Washington Digest: Senate revamps job training strategy


WASHINGTON — The Senate voted last week to reauthorize more than 30 job training programs while scrapping 15 others and changing the way many train people and help them find jobs.

In a rare bipartisan display, senators voted 95-3 for the bill that was a compromise between Republicans who wanted to streamline job programs and Democrats who wanted to modernize them. A version of the bill has passed the House.

“We’ve doubled down on the programs that work,” said Sen. Patty Murray, D-Wash. “We’ve improved the programs that have become outdated. And we’ve created a workforce system that’s more nimble and adaptable, better aligned with our businesses.”

Sens. Harry Reid, D-Nev., and Dean Heller, R-Nev., voted for the bill.

HOUSE FOCUSES ON ENERGY

The House passed a series of Republican-written bills that aim to boost U.S. energy production.

Lawmakers voted 229-185 to expand oil and gas exploration offshore and on federal land and to require the Interior Department to move forward on lease sales that have been delayed by the Obama administration.

The bill would set a 60-day deadline on government approval of drilling permits and would charge environmentalists $5,000 to protest decisions.

“Our economic malaise can be attributed to a lack of attention to a common-sense energy program on federal lands,” said Rep. Rob Bishop, R-Utah.

He said the bill would “go after where the resources actually are.”

Rep. Lois Capps, D-Calif., said the bill was “yet another example of the (Republican) majority’s backward energy policy that doubles down on dirty fossil fuels instead of investing in a clean energy future.”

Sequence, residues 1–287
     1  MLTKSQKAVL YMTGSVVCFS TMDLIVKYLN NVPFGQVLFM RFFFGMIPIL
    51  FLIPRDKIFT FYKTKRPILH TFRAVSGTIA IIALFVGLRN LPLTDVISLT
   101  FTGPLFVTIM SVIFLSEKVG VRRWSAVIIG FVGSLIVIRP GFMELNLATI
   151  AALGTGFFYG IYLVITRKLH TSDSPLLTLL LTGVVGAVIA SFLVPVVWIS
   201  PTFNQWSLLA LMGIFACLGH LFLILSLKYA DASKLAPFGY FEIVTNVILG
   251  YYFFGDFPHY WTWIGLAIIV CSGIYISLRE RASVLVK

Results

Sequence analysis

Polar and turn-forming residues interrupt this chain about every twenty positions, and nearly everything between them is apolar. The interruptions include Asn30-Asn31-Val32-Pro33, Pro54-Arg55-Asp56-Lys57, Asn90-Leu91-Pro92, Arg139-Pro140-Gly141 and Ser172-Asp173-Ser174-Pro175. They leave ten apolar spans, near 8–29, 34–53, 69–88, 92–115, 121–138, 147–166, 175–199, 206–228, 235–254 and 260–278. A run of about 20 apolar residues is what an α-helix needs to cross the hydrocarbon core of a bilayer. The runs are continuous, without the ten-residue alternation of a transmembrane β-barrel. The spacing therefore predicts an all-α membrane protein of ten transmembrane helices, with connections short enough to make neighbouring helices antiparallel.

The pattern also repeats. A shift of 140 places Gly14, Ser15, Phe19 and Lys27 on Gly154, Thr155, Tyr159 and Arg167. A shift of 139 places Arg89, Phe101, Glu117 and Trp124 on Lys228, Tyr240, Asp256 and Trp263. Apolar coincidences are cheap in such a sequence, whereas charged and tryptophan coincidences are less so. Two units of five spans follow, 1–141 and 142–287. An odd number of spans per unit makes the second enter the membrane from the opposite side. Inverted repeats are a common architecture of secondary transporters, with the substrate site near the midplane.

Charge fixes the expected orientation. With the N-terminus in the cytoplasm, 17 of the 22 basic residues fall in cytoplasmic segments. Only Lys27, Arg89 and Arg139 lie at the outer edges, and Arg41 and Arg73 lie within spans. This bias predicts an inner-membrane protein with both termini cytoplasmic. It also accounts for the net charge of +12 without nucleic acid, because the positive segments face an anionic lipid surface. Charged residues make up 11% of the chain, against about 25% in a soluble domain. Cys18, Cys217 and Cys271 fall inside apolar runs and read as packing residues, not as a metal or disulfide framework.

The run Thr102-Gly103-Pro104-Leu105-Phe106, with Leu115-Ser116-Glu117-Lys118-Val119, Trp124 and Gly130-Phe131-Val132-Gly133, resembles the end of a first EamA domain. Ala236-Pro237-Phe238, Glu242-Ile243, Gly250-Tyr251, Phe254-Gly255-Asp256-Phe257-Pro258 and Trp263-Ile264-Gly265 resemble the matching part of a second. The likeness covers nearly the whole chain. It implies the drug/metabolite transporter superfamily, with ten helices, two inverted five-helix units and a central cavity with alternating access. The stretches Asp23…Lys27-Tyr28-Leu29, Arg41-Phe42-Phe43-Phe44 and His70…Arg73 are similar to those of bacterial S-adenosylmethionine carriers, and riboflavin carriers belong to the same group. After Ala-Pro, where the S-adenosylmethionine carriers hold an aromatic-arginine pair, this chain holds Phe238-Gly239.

Reps. Joe Heck and Mark Amodei, both R-Nev., voted for the bill. Reps. Steven Horsford and Dina Titus, both D-Nev., voted against it.

The House also voted 266-150 to fast-track applications by energy companies seeking to export liquefied natural gas to Europe and Japan.

Supporters said expediting LNG exports could help Ukraine, for instance, ease its energy dependence on Russia.

“The passage of this bill will move the United States yet another step closer to both assisting our allies abroad as well as creating a more robust domestic industry at home,” said Rep. Michael Burgess, R-Texas.

Opponents said exports will not start flowing overnight and could cause domestic gasoline prices to rise.

“This bill is a solution in search of a problem,” said Rep. Jim McGovern, D-Mass. “The Department of Energy is already aggressively approving LNG exports. Passing this bill will not magically solve the natural gas problem in Ukraine or in other parts of the world.”

Heck and Amodei voted for the bill. Horsford and Titus voted against it.

The House voted 238-173 for a bill that would require oil and gas pipelines and electricity transmission lines that would cross into Mexico or Canada to be reviewed by the State Department or Energy Department within 120 days of an environmental review.

It would remove the need for presidential approval that critics say is holding up the Keystone XL pipeline, although the bill does not cover that project.

“This legislation is about preventing the president — and future presidents, regardless of their party — from playing politics with decisions that should be made on the merits of the project,” Burgess said.

The White House threatened to veto the bill if it reached President Barack Obama’s desk, saying the deadlines were “unreasonable.”

“This bill creates a process that rubber stamps projects,” said Rep. Henry Waxman, D-Calif. He called it the “Zombie Pipeline Act” that he feared could resurrect the Keystone XL pipeline if Obama rejects it.

Heck and Amodei voted for the bill. Horsford and Titus voted against it.

Contact Stephens Washington Bureau Chief Steve Tetreault at stetreault@stephensmedia.com or 202-783-1760. Follow @STetreaultDC on Twitter.

 

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